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Figure 1 | AOM is coupled to the denitri?cation of nitrite by the enrichment culture after 16 months of enrichment. a, b, The total amounts of methane, dinitrogen gas, nitrate and nitrite present in the culture vessel are indicated. The initial concentrations of these compounds in the culture liquid were 6.0 mM, 0.30 mM, 3.6 mM and 0.24 mM, respectively. During this experiment, the total amount of protein in the enrichment culture was 100 mg.

(equations (1) and (2)). The apparent af?nity constant for methane was very high (less than 0.6 mM, Fig. 1). The af?nity of sulphatedependent AOM for methane is four orders of magnitude lower18 (af?nity constant .16 mM). The addition of 2 mM sulphate to the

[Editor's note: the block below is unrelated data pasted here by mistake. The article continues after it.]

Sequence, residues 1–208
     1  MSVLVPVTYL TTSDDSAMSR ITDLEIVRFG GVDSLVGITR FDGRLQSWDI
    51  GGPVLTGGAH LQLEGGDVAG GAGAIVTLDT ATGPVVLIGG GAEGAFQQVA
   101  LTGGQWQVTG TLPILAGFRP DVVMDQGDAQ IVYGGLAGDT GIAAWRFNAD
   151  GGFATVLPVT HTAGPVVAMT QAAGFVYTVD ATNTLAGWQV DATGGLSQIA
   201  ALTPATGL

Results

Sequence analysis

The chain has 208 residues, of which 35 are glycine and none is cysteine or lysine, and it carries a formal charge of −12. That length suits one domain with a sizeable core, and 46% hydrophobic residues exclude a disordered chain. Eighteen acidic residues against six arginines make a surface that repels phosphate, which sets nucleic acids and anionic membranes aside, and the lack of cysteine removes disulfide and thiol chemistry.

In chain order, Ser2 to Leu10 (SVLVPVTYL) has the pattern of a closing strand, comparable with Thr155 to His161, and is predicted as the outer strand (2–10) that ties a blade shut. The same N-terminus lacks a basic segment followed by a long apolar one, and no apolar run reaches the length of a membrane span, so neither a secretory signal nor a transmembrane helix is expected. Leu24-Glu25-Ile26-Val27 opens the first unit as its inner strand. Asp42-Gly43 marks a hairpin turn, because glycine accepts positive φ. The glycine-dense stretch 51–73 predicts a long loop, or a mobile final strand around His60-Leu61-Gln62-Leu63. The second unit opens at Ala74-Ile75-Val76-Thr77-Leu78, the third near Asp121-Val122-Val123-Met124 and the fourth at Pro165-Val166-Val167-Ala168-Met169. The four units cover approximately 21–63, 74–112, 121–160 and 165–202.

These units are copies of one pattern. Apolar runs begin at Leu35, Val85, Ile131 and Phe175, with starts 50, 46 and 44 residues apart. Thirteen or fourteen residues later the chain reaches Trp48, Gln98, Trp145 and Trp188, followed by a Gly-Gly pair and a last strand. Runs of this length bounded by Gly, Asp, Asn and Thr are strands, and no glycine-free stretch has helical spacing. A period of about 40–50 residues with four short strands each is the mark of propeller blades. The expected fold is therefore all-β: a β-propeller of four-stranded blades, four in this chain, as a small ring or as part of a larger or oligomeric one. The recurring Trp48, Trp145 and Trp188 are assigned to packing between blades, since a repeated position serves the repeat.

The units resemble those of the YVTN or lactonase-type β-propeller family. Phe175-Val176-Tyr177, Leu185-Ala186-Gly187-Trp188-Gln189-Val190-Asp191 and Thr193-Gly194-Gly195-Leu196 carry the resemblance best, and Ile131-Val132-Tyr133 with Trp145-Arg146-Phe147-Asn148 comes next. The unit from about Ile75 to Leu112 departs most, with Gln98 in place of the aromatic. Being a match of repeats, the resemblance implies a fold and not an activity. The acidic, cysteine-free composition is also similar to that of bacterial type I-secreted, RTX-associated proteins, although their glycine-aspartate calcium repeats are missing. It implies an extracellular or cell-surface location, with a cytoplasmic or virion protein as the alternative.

enrichment culture neither stimulated nor inhibited AOM. Together, these experiments show unambiguously that methane can be oxidized anaerobically in this system, and that this oxidation is coupled to denitri?cation. The participation of oxygen in this process can be fully excluded. First, we measured oxygen levels continuously in the culture liquid and periodically in the headspace, but did not detect any (detection limit 80 p.p.m.). Second, all of the detected dinitrogen gas in the headspace of the culture was accounted for by the consumption of nitrite and nitrate. Had air leaked into the culture, more dinitrogen gas would have been detected in the headspace than was predicted by the reaction stoichiometry. Third, the stoichiometry of methane consumption coupled to denitri?cation was in good agreement with equations (1) and (2). Had oxygen been involved, much less nitrite or nitrate would have been consumed per mol of methane. Finally, no methane was consumed as the enrichment culture adapted from nitrite to nitrate (see above). We investigated the incorporation of methane into microbial biomass by analysing the membrane lipids of the enrichment culture. We detected a single archaeal and several bacterial biomarkers (Table 1). The archaeal biomarker sn2-hydroxyarchaeol, found in methanogens19 and ANME-2 methanotrophic Archaea20, was the only biomarker substantially depleted in 13C compared to methane. This change indicates that the carbon in this marker compound originated from methane. When 13C-labelled methane was supplied to the culture, incorporation into sn2-hydroxyarchaeol was observed after six days. Notably, the bacterial biomarkers were labelled more rapidly and substantially than the archaeal biomarker (Table 1). These results are comparable to those obtained for a similar 13C-labelling experiment with a consortium performing sulphate-dependent AOM21, in which rapid and substantial incorporation of 13C-labelled methane was noted in the lipids of sulphate-reducing bacteria, but minor 13C incorporation was observed in archaeal lipids only after prolonged incubation (.300 days). Our biomarker data thus indicate that a consortium consisting of an archaeon and a bacterium is responsible for AOM coupled to denitri?cation. To determine the phylogenetic identity of the members of this consortium, we isolated genomic DNA from the biomass in the enrichment culture and constructed bacterial and archaeal 16S ribosomal RNA gene libraries. Sequence analysis of the bacterial clone library showed one dominant group of sequences clustering inside a subdivision with no other cultivated species (Fig. 2a and Supplementary Fig. 2a). This subdivision was distant from all other bacterial subdivisions (sequence identity less than 85%). Similar